Called Together (Sermon)

This is an adapted version of the sermon I preached this morning. We’re in the midst of our annual Stewardship Campaign, and today’s theme was “Giving God our Worship Changes Everything.” The theme scripture reading was 1 Corinthians 12:12-31.

Once upon a time, there was a group of people who wanted to identify who they were, and how they would act together. These people wanted to see themselves not as individuals, but as a group. Now they weren’t all the same. Some were conservative, some were liberal. Some were young, some were old. Some were women, some were men. Some were loud and boisterous, some were quiet and shy. But they all wanted to work together and act like they were one. They believed that that they were brought together for a purpose, and they wanted to live that way.

This was really brave of them! These people lived at a time and in a place where the individual was glorified, where everyone was expected to make it on their own. Where individual freedom was lifted high, and taking responsibility for others was low. Yet this group wanted to take care of each other. They wanted to hold each other when one suffered. They wanted to rejoice with each other when one rejoiced. And they didn’t want to just keep this good feeling for themselves. In a time and a place where you were told to take care of your own first, they wanted to share their union with others, and help their community in any way they could.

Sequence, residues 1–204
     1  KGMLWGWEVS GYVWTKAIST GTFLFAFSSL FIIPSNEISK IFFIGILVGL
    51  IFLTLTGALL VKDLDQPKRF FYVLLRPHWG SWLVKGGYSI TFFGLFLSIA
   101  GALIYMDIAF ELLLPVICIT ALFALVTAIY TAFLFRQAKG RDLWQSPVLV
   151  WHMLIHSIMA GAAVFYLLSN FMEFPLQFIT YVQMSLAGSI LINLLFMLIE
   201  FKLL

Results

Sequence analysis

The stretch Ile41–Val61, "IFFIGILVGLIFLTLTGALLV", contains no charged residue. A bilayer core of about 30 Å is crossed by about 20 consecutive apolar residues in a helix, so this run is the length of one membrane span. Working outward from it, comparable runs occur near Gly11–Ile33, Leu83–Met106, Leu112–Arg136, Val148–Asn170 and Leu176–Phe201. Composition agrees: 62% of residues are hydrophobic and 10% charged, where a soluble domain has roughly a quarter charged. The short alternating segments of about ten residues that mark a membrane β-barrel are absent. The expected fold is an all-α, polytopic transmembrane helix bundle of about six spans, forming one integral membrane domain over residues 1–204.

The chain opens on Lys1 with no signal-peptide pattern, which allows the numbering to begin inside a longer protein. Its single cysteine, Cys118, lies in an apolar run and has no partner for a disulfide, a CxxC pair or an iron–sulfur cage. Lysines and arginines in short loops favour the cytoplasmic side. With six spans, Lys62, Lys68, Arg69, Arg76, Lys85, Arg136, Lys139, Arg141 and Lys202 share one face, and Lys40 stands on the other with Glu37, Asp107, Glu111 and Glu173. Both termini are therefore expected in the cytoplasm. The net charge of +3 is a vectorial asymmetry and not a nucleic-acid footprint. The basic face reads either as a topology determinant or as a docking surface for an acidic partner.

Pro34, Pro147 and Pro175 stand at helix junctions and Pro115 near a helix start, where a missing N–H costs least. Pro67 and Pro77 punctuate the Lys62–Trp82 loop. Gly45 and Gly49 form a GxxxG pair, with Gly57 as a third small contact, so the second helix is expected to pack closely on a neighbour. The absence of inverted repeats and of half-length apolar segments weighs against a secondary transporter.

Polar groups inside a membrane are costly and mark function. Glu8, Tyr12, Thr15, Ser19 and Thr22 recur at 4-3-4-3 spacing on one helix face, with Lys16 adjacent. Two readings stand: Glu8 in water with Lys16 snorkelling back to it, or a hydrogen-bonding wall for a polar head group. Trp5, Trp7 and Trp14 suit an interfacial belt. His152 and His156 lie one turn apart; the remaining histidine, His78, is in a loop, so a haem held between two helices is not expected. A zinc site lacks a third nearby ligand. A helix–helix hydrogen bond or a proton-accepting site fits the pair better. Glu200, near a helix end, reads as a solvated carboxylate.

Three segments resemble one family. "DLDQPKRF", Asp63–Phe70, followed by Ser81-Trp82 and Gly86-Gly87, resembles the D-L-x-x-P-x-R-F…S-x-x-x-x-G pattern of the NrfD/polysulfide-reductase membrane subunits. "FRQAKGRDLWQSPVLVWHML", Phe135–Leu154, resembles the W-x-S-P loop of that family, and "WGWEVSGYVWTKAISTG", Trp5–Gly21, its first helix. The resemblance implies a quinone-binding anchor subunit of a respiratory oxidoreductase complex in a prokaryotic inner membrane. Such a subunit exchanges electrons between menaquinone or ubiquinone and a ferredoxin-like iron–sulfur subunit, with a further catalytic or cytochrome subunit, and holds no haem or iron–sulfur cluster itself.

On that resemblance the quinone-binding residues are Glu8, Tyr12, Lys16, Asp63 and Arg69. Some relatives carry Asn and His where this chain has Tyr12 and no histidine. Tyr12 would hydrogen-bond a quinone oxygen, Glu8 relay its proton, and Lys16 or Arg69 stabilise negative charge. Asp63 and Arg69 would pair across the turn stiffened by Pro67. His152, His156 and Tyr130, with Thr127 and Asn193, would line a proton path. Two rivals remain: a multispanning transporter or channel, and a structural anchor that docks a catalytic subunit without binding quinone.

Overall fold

Can you imagine? Can you imagine such a group of people? “It will never work!” people told them. “You’re all a bunch of hypocrites!” people told them. Nevertheless, they tried. And this group of people identified a purpose statement they would follow together. They said, “We will actively seek and serve Christ in all people.” And together they identified guiding principles, “rules of the road” that they would follow. Those rules said this:

  • We actively seek to devote ourselves to Christ through worship, prayer and scripture.
  • We actively seek to nurture respectful relationships, by speaking, listening, and responding honestly and without judgment.
  • We actively seek to gracefully forgive.
  • We actively seek to live united as one body in Christ.
  • We actively seek to encourage growth of faith while serving God.

Note: By this point in the sermon, many people in attendance realized I was talking about this congregation itself.

Really courageous stuff! This group lived at a time and in a place where these things were not honored. Yet this group wanted to try it. They wanted to be what these principles promised.

Over time, this group started to forget those guiding principles. They kind of followed them, but didn’t really work on them in any serious way. Over time, conflict arose, unexpected deaths occurred, and surprising expenses were incurred. All these things, as well as the cares of daily life, distracted the members of the group. Sometimes they even forgot that they were a group, that they were trying to be unified and one.

But every now and then they were reminded. One day, they were gathered together, and heard a reading from St. Paul’s first letter to the Corinthians. Paul wrote this: “Now you are the body of Christ, and individually members of it.” They remembered that yes, they are one body. Yes, they were brought together to be this one body.